9/11 Heroes and the Zadroga Act

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With today being the 14th anniversary of 9/11, I wanted to honor New York City’s first responders by focusing on a current issue at stake – the Zadroga Act.

The Zadroga Act was named after James Zadroga – an NYPD officer who died of respiratory disease caused by his search and rescue service during 9/11. Everyone knows that New York lost several members of our NYPD and FDNY departments, but what many don’t realize is that police officers and firefighters who survived the attacks have since passed away. This is due to exposure to the 9/11 rubble and debris, which has led to respiratory problems and various types of cancers – many, of which, lay dormant for years. I’ll admit, I didn’t even know it was an issue until I saw New York Senator Kirsten Gillibrand speak about it during an interview with Jon Stewart.

President Obama originally signed the Zadroga Act in January of 2011. As the New York Daily News states:

The law provides compensation and health coverage to firefighters, cops and thousands of other Americans suffering from an array of health ailments tied to air they breathed while working or living near Ground Zero after the attack.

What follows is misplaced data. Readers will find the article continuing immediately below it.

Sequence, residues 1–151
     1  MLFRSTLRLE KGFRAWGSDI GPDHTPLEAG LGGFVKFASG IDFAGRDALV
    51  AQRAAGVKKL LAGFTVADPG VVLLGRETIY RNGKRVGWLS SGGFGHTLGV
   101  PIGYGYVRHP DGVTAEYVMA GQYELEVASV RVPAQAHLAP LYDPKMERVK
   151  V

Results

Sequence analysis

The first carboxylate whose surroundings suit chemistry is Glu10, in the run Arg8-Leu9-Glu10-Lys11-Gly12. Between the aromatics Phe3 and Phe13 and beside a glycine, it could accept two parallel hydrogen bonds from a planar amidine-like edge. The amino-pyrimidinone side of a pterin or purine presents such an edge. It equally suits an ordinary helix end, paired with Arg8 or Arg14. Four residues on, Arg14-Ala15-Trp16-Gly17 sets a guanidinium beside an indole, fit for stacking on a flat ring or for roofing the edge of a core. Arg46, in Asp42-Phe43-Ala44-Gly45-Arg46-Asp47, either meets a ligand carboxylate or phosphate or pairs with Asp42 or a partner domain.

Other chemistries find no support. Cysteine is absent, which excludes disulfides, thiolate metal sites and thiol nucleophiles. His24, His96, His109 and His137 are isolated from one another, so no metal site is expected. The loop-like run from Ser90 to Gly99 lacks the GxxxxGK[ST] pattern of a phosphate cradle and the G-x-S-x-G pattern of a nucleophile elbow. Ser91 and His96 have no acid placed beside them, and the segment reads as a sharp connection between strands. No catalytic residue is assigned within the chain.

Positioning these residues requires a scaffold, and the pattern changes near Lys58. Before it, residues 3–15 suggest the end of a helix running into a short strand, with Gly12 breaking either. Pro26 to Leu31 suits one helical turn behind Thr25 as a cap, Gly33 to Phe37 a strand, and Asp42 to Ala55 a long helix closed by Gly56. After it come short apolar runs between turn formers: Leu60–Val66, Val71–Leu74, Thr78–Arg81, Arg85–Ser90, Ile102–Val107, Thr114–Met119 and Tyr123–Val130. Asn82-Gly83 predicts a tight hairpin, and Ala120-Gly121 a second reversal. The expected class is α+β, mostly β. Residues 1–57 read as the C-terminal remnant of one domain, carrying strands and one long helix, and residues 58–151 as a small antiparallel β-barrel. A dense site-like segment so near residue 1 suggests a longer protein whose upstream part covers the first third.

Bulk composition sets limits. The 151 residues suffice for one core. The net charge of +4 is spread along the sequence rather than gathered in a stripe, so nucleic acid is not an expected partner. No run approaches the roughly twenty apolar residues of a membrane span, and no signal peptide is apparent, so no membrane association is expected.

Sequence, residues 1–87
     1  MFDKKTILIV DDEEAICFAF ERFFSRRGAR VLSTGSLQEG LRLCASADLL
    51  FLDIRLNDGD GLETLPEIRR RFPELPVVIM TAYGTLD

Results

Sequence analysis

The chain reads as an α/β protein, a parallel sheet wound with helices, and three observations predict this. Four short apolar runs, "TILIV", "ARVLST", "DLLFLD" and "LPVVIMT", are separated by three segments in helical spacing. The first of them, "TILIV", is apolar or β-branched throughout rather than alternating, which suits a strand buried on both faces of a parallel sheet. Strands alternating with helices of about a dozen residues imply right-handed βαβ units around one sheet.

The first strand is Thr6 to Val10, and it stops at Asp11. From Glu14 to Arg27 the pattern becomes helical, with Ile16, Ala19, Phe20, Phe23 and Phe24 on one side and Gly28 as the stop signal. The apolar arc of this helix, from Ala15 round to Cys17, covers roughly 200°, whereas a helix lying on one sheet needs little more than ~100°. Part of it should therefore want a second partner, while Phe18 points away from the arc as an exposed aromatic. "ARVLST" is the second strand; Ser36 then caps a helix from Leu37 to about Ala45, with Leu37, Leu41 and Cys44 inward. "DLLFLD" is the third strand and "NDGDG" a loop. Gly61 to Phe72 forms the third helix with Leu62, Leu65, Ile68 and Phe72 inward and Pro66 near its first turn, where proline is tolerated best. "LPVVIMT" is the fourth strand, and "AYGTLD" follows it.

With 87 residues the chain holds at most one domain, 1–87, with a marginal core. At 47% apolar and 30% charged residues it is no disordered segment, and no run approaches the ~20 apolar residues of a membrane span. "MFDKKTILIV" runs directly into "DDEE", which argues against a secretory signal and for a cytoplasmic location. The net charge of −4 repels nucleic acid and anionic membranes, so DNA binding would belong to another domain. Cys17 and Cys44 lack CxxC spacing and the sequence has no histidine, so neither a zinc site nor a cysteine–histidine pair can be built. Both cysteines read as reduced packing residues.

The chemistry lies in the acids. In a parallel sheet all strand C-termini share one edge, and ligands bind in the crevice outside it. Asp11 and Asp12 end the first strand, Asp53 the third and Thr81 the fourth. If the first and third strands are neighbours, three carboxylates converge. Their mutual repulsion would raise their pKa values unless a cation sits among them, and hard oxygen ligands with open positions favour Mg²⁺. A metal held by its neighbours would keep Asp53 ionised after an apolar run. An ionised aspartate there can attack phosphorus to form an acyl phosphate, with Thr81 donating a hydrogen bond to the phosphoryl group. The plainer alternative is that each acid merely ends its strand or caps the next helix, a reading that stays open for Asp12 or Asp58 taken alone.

Now that those benefits are set to expire, democrats are lobbying to have the Zadroga Act extended, with people like Jon Stewart, Senator Gillibrand, and Congresswoman Carolyn Maloney being some of its main supporters. While people are hoping that the Act’s extension will be a main topic during the 2016 presidential election, most republicans have been fighting against it and only two republican candidates (George Pataki and Rick Perry) are in support of continuing to provide 9/11 heroes with healthcare compensation.

For more information about the Zadroga Act and its importance, check out the video below. And keep in mind that this should be an absolute no-brainer. New York’s first responders are the best at what they do, and they all rose to the occasion when the city needed their help most. The least we can do is show our appreciation and support by helping them with the medical aftermath they have been dealing with over the past 14 years.

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